“We still need to talk to business and property owners to make sure that we address all of their concerns in advance,” she said. “The East Alley is sort of the second phase of the current phase. Matteo’s is already closing it regularly on the weekends. We know another step that we have to take is negotiation of use. Yes, we want Matteo’s to use it, but we also want Moonshot to use it to play games in the alley sometimes, or we want Main Street to play bocce ball in it, or whatever. So, we’ll work out some of that balance. The East Alley will be more open for those types of activities like outdoor dining, a wine or beer garden, weddings, that kind of stuff.”

The South Alley was closed to traffic in 2010, allowing Noblesville Main Street to host its former Thursday Farmers Market and its new Meals from the Market series.

“We’ve also talked to the Hamilton County Leadership Academy about doing socials in the alleys,” said Lorna Steele, executive director of Noblesville Main Street. “Of course, people want to do weddings, businesses want to do their parties, and then just activating it even further with art is going to be really fun. I love this project overall, especially because alleys can sometimes have this negative connotation, So, the fact that we are keeping their historic feel and then using them for really positive, really cool things is so fun.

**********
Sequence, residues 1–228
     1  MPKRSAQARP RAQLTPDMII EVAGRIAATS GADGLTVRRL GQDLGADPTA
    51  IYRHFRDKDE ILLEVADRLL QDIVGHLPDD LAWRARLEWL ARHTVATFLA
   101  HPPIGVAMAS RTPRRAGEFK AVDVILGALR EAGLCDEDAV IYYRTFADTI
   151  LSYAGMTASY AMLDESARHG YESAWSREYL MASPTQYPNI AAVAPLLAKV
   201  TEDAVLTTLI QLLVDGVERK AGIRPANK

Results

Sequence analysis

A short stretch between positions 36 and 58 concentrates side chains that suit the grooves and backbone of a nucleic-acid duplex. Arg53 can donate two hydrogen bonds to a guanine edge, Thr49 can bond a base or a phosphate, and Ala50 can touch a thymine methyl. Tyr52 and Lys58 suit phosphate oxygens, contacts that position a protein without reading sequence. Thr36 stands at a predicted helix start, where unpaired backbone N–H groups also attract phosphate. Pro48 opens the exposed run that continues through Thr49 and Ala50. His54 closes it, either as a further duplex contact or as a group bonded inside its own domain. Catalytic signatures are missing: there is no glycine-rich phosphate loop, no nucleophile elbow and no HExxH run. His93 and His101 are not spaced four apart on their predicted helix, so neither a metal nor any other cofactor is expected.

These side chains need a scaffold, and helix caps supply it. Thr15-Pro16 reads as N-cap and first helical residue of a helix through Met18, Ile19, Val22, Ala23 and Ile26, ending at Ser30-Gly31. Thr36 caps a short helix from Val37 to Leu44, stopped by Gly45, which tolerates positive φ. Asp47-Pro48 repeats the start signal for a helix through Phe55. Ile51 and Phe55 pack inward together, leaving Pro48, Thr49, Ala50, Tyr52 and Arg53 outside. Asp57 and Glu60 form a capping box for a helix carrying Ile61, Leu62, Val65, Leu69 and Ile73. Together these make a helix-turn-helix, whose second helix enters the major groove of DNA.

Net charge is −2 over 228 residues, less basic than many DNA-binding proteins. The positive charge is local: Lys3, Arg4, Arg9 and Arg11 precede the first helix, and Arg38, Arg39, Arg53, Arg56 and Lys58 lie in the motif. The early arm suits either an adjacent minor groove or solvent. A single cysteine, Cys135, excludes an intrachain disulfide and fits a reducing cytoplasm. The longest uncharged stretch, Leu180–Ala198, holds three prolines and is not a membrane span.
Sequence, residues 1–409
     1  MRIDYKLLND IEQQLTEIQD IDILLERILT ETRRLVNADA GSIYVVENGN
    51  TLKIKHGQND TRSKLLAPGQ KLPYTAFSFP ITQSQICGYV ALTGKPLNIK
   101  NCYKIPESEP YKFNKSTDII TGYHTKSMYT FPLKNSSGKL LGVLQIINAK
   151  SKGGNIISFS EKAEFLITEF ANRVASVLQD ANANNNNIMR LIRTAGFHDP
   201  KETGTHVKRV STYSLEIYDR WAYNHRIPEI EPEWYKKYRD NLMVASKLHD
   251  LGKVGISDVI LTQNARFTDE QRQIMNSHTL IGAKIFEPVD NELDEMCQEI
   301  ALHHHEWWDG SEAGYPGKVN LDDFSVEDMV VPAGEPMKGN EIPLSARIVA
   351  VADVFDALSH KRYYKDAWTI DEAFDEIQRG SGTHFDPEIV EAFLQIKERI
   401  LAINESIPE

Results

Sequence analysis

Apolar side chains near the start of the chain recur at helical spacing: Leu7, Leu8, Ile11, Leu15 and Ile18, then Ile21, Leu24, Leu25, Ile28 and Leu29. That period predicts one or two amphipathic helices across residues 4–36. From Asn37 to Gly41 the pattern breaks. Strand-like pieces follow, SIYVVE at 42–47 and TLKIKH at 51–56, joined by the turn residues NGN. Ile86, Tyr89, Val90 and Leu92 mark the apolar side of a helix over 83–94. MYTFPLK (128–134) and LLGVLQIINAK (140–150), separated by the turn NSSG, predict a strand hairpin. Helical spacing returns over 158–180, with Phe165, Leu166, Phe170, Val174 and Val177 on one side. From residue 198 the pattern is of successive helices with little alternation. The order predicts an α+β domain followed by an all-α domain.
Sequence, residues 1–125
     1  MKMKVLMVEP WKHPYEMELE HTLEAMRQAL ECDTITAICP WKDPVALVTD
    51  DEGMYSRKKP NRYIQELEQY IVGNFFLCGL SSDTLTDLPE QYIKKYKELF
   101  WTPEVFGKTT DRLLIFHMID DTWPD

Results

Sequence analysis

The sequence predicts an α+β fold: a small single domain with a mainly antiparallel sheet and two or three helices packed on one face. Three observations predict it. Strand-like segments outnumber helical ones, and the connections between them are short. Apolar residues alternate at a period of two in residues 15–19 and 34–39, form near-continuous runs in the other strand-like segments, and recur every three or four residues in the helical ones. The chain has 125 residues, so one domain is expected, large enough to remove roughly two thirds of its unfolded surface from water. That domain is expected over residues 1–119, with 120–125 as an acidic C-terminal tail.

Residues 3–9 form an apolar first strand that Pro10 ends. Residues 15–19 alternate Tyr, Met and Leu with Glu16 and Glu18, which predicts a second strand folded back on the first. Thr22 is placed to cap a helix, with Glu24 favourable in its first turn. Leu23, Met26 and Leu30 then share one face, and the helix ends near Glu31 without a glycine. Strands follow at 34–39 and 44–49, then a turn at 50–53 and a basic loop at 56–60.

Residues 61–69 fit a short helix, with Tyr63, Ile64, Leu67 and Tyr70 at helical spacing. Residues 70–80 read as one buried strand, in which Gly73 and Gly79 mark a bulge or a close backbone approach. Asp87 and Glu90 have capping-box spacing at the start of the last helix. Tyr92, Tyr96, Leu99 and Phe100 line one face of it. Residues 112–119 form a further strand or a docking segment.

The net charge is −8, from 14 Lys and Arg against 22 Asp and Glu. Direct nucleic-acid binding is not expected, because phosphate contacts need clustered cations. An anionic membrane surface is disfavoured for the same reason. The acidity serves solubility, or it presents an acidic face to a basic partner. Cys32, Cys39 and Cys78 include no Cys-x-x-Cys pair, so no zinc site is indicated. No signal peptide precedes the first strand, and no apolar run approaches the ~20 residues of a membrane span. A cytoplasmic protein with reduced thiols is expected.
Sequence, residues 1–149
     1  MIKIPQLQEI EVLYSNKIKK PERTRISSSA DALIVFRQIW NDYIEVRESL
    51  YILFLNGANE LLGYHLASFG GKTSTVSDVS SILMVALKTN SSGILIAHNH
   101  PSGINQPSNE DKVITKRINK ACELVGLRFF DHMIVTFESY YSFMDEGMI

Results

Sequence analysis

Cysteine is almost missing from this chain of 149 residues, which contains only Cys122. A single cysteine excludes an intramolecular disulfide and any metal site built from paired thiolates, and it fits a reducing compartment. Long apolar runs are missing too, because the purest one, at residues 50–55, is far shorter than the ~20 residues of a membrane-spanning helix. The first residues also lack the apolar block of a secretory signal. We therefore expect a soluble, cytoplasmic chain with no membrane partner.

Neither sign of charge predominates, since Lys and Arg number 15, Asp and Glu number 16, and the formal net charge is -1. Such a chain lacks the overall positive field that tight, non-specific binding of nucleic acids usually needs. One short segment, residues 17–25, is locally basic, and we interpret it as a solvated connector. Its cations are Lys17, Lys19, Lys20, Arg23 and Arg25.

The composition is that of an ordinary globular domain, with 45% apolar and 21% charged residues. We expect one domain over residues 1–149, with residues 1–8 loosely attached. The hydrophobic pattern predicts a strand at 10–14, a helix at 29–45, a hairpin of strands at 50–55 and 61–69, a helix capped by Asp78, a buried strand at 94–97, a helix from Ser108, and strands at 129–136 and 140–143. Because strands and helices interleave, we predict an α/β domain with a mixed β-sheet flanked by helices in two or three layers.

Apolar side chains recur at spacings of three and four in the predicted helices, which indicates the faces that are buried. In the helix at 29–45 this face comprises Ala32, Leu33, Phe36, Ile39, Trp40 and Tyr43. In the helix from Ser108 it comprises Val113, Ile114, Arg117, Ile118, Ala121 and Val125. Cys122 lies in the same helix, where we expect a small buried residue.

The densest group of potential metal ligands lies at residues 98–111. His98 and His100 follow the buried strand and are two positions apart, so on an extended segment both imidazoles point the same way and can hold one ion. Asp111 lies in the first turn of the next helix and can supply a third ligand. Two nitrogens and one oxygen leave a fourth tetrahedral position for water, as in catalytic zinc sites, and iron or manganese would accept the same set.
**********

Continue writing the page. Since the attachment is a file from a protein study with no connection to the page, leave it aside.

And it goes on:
“We just want the community to enjoy them, and I really don’t want to program the heck out of them. Our vision is to have it be this organic space and whatever comes out of it comes out of it.”

A sketch by Aili McGill shows the articulating and opening archways that will soon be part of the three main alleys that connect to the downtown square. (Submitted drawing)

Other physical changes in all three alleys could include Wi-Fi units, charging stations, murals and other public art, drinking fountains, interactive light displays and more. Perhaps the largest and most notable change will be the addition of archways naming each alley. Names are to be determined, but McGill said she wants to employ the talent of local metalworkers and artists to create the pieces.

Bollards blocking vehicles from driving down the alleys will be removable. Articulated archway signage will utility trucks and delivery vehicles to pass through when needed.

“It is still perfectly possible to have the alleys closed so people can safely come and go and hang out in them while still making sure the businesses can still get what they need,” McGill said. “Really, our goal here is to take what’s already happening, take what people have told us they’re interested in doing and make it safe and easy to do.

“We expect this process of the current facelift of the three alleys to take through the end of 2019, and by the end of 2019, our hope is that it’s going to be polished.”

“From an economic development perspective, creating wealth, generating energy so that our businesses are sustained, that’s our goal,” said Judi Johnson, economic development directory for the City of Noblesville. “For Noblesville, this is our unique landscape. The citizens and the people have created this movement, and it’s our responsibility in economic development and arts and culture to produce. Since 2011, we’ve done $13 million in downtown investment. This is a priority.”